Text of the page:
Clicking on the “More >” button in “Top linked pages” returns the full list of your pages and the number of backlinks for each. You can expand the view by selecting a bigger number from the dropdown at the bottom of the page. Alternatively, you can use the pagination option at the bottom.
4. Select a page to see all its linking domains
The next step here is to click on one of your pages. This will update the window and show you all websites linking to your specific page. At the top, you can see a quick overview that shows you the number of all outgoing and incoming backlinks. For example, one of our pages on “how backlinks works” has 93 external links and 42 linking websites.
5. Click on any of the websites to see all links
Lastly, you want to click on one of the linking websites. Doing this will show you all the backlinks from that website to the specific page you selected in the previous step. Seeing this is important because one website can link to you from more than one page.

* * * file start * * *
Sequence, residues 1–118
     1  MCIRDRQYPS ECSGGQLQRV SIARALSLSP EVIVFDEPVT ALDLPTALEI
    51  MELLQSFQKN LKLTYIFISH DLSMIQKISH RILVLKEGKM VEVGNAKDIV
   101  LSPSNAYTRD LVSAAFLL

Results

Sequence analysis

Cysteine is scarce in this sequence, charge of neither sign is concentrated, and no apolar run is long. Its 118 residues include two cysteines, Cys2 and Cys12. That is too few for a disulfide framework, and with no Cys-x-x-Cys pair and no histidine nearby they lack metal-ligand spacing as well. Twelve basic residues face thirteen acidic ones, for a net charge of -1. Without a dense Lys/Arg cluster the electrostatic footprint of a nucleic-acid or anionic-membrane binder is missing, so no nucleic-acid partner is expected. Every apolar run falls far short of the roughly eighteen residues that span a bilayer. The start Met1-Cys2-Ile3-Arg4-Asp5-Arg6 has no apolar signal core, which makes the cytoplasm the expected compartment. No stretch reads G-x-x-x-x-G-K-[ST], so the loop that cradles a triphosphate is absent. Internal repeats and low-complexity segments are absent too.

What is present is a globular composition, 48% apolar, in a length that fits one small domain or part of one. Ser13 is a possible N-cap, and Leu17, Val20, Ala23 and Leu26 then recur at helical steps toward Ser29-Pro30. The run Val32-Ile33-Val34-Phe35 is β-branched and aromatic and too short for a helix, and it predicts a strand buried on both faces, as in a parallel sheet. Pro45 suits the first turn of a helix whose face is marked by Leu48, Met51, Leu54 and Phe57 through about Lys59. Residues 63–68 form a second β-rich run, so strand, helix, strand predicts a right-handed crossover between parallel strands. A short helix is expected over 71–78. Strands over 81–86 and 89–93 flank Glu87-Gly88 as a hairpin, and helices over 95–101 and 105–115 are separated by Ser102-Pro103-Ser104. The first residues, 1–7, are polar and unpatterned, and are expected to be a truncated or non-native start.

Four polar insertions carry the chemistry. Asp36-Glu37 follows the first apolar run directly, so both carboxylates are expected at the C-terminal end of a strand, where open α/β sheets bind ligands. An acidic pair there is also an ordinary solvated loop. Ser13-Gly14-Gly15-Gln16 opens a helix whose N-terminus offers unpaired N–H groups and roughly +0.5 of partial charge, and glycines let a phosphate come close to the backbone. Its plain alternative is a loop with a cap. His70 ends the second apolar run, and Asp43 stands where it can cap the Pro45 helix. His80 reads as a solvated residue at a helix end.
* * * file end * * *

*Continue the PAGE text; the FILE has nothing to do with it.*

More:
For example, clicking on one of our linking websites – systeme.io – brings up a report of the pages that link to us from that specific website.
Here, you can open the Linking page and see what the link looks like on the actual page. However, always be cautious when opening those links – especially if you don’t recognize the website linking to you as it can potentially infect your computer malware.
6. Analyze your backlinks by clicking “Export”
Last but not least, Google Search Console also offers you the option to download your backlinks. The great thing about it is that it is a Google product – which naturally means it integrates with other tools from the Google workspace – in this case, Google Sheets.
And there you have it – these were the two most popular methods of finding the backlinks for any website. Third-party tools usually show you more in-depth data. However, take that with a grain of salt, as they rely primarily on estimations. Meanwhile, Search Console shows you less data about each individual link. However, it tends to find more up-to-date backlinks.